Future learnings

Author: Leigh Lynes

Outsmarting poverty requires long-haul thinking. This is why we partner with organizations committed to breaking the cycle of poverty across lives and generations. And this is why we have convened a new cohort of six innovative service providers--some of poverty’s fiercest adversaries striving to make a lasting impact by transforming the lives of those they serve. These organizations are partnering with our researchers to design, implement, and evaluate interventions to identify long-term solutions to poverty.

Finding these  long-term solutions often begins by meeting short-term needs. King County Metro (Seattle, WA) knows that creating an equitable transportation system is the first step to helping those in need find and keep jobs. By connecting people in poverty with a “transportation concierge,” someone who will coach clients through their transportation challenges, King County believes it can eliminate the transportation barriers that double as barriers to economic opportunity.

The Santa Clara Office of Supportive Housing (OSH) (Santa Clara, CA) embraces a similar mission. To help increase the supply of affordable housing for low-income people, the Santa Clara OSH is working with LEO to test a new housing problem-solving program. Designed to help those experiencing homelessness meet their immediate housing needs, program staff work with clients to identify creative, short-term solutions that will improve their chances of gaining long-term stability.

It’s amazing how brief and low-cost interventions can create long-term change. Helping Restore Ability (HRA) (Arlington, TX) provides the resources, care, and support Texans with disabilities need to live full and dignified lives. By offering a new training program to caretakers of disabled people, HRA believes it can improve the health and reduce the financial burdens of families in need.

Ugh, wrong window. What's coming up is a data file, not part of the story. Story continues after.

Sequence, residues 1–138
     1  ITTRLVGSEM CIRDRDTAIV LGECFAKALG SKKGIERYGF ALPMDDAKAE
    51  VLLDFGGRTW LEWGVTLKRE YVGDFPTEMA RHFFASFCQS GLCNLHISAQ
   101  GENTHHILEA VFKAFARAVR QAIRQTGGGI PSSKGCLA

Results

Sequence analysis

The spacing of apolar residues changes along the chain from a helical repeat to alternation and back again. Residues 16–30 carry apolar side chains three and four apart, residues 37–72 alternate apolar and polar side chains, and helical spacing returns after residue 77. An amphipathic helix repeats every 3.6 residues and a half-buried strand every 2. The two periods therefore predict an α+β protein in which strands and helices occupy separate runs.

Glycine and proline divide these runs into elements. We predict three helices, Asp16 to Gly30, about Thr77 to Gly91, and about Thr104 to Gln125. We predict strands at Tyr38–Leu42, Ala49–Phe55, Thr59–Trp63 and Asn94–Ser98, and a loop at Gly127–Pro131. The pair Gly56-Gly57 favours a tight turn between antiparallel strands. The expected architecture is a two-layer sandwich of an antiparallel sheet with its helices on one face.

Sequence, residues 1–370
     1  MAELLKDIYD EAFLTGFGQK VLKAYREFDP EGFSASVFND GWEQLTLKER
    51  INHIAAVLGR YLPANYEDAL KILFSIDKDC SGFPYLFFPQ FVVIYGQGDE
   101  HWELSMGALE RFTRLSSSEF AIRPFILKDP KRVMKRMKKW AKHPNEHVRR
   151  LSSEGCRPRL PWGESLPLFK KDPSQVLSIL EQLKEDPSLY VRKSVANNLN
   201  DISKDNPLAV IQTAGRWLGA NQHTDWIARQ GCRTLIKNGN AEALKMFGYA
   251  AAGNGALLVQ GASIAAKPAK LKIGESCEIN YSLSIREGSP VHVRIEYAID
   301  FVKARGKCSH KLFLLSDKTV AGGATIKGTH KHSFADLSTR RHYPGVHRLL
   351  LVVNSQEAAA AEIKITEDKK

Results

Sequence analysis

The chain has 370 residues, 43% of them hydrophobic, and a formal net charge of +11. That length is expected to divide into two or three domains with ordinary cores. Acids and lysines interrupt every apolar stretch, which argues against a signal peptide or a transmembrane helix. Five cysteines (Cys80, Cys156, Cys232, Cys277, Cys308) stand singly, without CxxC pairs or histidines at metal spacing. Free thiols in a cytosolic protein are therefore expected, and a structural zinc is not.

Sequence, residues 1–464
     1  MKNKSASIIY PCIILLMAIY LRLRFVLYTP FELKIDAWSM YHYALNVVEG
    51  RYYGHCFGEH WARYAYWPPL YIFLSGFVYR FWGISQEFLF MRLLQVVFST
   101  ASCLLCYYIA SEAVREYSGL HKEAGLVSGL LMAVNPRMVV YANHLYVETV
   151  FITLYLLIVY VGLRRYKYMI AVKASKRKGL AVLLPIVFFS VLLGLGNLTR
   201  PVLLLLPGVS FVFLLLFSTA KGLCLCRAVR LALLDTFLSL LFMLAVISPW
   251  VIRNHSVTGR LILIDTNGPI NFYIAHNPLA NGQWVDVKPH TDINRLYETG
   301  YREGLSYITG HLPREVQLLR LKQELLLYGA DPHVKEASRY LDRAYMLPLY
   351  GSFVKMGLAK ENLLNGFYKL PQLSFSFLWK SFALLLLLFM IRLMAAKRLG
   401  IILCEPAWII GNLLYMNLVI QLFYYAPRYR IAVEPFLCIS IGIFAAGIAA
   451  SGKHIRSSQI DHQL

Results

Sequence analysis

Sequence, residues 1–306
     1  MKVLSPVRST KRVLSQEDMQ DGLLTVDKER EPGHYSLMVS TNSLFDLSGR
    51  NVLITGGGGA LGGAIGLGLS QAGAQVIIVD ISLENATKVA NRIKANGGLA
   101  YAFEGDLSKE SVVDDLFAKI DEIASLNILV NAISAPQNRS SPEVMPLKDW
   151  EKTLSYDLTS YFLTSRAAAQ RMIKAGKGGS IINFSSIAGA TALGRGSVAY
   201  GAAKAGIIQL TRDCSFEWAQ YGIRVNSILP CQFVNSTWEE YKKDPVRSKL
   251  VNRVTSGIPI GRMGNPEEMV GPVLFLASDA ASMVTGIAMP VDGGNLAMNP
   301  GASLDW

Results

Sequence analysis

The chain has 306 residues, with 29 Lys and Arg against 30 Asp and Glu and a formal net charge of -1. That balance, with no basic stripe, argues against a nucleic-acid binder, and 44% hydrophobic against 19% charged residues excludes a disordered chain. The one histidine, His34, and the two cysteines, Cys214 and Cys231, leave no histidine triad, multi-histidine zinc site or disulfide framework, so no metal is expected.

Just like immediate opportunities help shape the present, working toward big, transformational goals helps shape the future. FaithBridge Foster Care (Alpharetta, GA),  which leverages church communities around Georgia to meet the needs of foster children, is working with LEO to uncover the  advantages of its creative and unique model.  

Ivy Tech Community College (South Bend, IN) knows investing in higher education unlocks doors to meaningful work and dignified, sustainable lives for families. Through its partnership with LEO, Ivy Tech is investigating whether or not comprehensive academic coaching helps students complete degrees. By working to address the community college degree-completion process, Ivy Tech pursues both individual transformation and multi-generational impact. 

Biology students. Photo credit: Ivy Tech Community College.
Biology students. Photo credit: Ivy Tech Community College.

Foster Care Alliance (Atlanta, GA) takes a similar long-term view. In partnering with LEO to gauge the impact of its comprehensive trauma-informed services, it aims not only to improve the lives of  foster children in need of stable, loving homes but also to address the root causes of family instability. 

Over the coming months, we look forward to pursuing long-term impact by launching rigorous, thoughtful evaluations with these incredible partners. By enabling them to better execute their courageous missions, we will be one step closer to learning what works in the fight against poverty. We can’t wait to share what we learn!


Originally published by Leigh Lynes at leo.nd.edu on June 09, 2020.